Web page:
“The most splendid of English costume books, and the first real venture in this country of a periodical devoted to the changing taste in dress…Volume IX is notoriously rare… No artist’s or engraver’s names are given, but the plates are probably the work of the publisher, Nikolaus Wilhelm von Heideloff (1761-1839). After April 1802 (Volume IX), the name of Heideloff ceases to appear in the imprint. Many plates also after that month are undated, and the magazine seems to have passed into other, and less competent, hands” (Abbey, Life).
“After the Gallerie des Modes came to an end in 1787, there was a gap in the production of really fine costume-plates until 1794, when Nicolaus Wilhelm von Heideloff appears on the scene. Heideloff was born in Stuttgart in 1761, and was brought up to be an engraver. In the 1780s he migrated to Paris, where he lived by painting miniatures until the outbreak of the French Revolution dispersed his clientèle. We next hear of him in London, where he obtained employment with R. Ackermann…This connection is significant in view of Ackermann’s subsequent interest in fashion-plates; it is not known how long it lasted, but in April 1794, when Heideloff was thirty-three years of age, he struck out on his own and started issuing The Gallery of Fashion. The Gallery of Fashion was nearer to the true fashion-plate than anything of its ambitious nature that had preceded it, though it was still meant to be more a record of existing modes than designs for the future. Indeed, in an advertisement announcing his forthcoming publication, Heideloff says that the dresses ‘are not imaginary but really existing ones’, and he goes on to say that they are intended to be ‘a Repository of English National Dresses of Ladies’. This publication was issued in monthly parts, each part consisting of two aquatints, beautifully coloured by hand and enriched with gold, silver and other metallic tints. The yearly subscription was three guineas, and it lasted until March 1803, when it had completed exactly nine years of existence. Thus, with twenty-four plates issued each year (except in the second year, when the number was twenty-five), the total number of plates issued by Heideloff was 217. In addition to this, each yearly volume was supplied with a beautiful allegorical title-page, also in hand-coloured aquatint. And, of course, each plate was accompanied by a detailed description of the dresses which it depicted. Each plate showed either one, two or three figures, the total number shown being 362. The groups of figures in The Gallery of Fashion are shown in a large number of different occupations, such as out driving in a berlin, playing and singing at the harpsichord or the harp, taking tea and strolling at the seaside with their children. They are provided with accessories, such as muffs, fans, telescopes, bonnets, books and parasols, to say nothing of dogs, watches, tippets, gloves and a vast variety of trinkets. The majority of the plates represent outdoor scenes. We can arrive at a fairly accurate estimate of the circulation of The Gallery of Fashion, as in many of the volumes are given lists of subscribers…So we find that the total number of copies subscribed for was 347 in Great Britain and sixty-seven abroad. It is therefore reasonable to say that the total issue was never more than 450 at any time of its career; the number of separate copies sold (at seven shillings and sixpence an issue) must have been very small…The Gallery of Fashion…is a very difficult book to find in good condition and complete in every respect” (Vyvyan Holland, Hand Coloured Fashion Plates 1770 to 1899, pp. 46-48).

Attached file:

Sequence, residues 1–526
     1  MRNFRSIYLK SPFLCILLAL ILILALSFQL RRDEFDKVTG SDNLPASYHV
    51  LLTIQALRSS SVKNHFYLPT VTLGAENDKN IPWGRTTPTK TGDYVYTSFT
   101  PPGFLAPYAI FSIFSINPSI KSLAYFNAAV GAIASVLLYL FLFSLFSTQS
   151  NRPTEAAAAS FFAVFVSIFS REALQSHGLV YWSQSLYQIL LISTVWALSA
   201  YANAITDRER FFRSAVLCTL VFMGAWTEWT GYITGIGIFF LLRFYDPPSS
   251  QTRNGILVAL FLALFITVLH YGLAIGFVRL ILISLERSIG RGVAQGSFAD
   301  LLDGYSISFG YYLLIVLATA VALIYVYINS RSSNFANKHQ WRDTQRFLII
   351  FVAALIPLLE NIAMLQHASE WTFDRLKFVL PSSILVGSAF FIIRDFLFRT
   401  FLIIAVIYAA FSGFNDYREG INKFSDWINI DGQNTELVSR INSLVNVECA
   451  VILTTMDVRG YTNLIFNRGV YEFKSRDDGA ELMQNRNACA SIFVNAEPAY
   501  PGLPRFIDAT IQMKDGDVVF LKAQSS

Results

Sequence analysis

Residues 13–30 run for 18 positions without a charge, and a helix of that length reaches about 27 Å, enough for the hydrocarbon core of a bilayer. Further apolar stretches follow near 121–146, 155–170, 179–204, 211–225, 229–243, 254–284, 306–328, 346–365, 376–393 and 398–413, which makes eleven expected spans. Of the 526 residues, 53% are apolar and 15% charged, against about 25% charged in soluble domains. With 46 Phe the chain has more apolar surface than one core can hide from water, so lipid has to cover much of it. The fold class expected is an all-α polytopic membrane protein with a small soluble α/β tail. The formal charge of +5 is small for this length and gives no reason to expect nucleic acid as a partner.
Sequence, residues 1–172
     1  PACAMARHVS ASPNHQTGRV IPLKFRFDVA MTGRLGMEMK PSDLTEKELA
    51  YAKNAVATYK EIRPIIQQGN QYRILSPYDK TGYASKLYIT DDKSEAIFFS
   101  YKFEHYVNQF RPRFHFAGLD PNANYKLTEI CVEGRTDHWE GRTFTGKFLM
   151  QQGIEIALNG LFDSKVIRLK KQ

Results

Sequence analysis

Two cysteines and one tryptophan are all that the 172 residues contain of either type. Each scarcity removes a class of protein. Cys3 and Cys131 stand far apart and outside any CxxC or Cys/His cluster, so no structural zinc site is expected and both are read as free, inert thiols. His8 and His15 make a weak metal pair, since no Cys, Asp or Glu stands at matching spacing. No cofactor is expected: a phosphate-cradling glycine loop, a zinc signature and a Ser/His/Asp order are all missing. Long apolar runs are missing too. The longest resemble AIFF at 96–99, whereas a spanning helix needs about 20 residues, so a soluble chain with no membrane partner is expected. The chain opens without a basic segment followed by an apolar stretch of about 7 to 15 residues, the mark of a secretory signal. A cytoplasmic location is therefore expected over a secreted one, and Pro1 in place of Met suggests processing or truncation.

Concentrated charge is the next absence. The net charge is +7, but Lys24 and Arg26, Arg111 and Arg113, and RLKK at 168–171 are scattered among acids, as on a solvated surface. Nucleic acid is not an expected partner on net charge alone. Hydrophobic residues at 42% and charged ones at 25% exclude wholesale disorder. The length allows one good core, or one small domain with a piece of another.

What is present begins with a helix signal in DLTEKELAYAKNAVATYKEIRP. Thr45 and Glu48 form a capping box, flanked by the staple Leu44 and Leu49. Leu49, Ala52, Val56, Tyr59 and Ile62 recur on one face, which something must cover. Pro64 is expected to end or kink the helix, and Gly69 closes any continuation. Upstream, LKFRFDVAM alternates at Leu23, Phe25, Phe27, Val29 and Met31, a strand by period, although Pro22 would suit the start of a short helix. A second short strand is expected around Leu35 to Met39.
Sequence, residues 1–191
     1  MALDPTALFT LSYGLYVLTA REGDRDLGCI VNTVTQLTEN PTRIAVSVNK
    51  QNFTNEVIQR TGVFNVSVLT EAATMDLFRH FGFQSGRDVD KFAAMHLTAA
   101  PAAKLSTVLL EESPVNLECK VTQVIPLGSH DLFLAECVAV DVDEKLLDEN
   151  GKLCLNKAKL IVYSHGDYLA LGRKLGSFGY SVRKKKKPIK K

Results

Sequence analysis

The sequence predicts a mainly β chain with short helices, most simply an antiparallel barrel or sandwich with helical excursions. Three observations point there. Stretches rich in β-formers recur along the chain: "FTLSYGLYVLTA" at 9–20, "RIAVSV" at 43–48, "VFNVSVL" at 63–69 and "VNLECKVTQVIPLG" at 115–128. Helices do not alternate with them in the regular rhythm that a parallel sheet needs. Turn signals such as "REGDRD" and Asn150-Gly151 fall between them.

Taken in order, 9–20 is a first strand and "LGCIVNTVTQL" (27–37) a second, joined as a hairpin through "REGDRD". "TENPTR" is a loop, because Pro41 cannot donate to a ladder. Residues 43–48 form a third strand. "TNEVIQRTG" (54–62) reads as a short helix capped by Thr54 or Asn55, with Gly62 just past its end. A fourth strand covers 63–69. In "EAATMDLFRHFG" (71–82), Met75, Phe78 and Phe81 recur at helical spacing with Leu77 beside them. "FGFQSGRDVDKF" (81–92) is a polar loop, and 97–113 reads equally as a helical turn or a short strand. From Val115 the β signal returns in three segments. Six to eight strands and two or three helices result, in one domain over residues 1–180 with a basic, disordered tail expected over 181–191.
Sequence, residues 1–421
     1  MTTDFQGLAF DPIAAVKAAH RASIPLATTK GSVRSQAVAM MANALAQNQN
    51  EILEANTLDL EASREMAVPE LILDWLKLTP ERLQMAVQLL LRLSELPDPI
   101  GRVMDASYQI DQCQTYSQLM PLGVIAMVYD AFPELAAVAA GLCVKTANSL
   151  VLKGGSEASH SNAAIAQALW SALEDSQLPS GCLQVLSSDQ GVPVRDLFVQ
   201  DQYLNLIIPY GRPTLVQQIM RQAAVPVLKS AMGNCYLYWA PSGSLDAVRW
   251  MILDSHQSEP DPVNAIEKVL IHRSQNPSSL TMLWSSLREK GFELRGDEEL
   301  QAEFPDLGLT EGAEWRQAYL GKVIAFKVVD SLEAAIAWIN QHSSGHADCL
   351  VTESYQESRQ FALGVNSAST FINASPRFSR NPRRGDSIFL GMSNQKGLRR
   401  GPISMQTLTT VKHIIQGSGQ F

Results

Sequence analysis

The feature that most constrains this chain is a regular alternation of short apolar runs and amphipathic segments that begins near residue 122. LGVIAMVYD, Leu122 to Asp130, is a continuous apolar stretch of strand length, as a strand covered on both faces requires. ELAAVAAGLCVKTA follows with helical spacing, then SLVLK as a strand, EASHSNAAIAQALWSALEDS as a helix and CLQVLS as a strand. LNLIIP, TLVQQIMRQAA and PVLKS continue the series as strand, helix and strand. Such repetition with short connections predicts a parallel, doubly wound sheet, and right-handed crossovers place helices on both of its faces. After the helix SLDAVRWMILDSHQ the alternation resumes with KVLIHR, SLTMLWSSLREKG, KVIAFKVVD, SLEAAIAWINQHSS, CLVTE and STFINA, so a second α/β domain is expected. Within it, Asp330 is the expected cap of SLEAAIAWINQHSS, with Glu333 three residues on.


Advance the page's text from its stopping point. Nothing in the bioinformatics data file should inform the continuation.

Charles Hering was a master bookbinder and native of Germany who settled in London and "by 1794 had his own business... He soon became one of the principal West End binders with three finishers, six forwarders, and two apprentices. He worked for many of the great libraries of the day, including Lord Spencer's [George John Spencer, 2nd Earl Spencer, ancestor of Princess Diana] and Thomas Grenville's. Dibdin states that 'till the star of Charles Lewis rose above the bibliopegistic horizon, no one could presume to measure business with him. There was a strength, squareness, and a good style of work about his volumes which rendered him deservedly a good favourite'" (Marks, Bookbinding Practices of the Hering Family 1794-1844). Hering's sons took over the firm at their father's death and continued managing the firm until it was bought in 1845.
Abbey, Life, 218. Colas 1170. Hiler, p. 351. Lipperheide 4578. Tooley 258.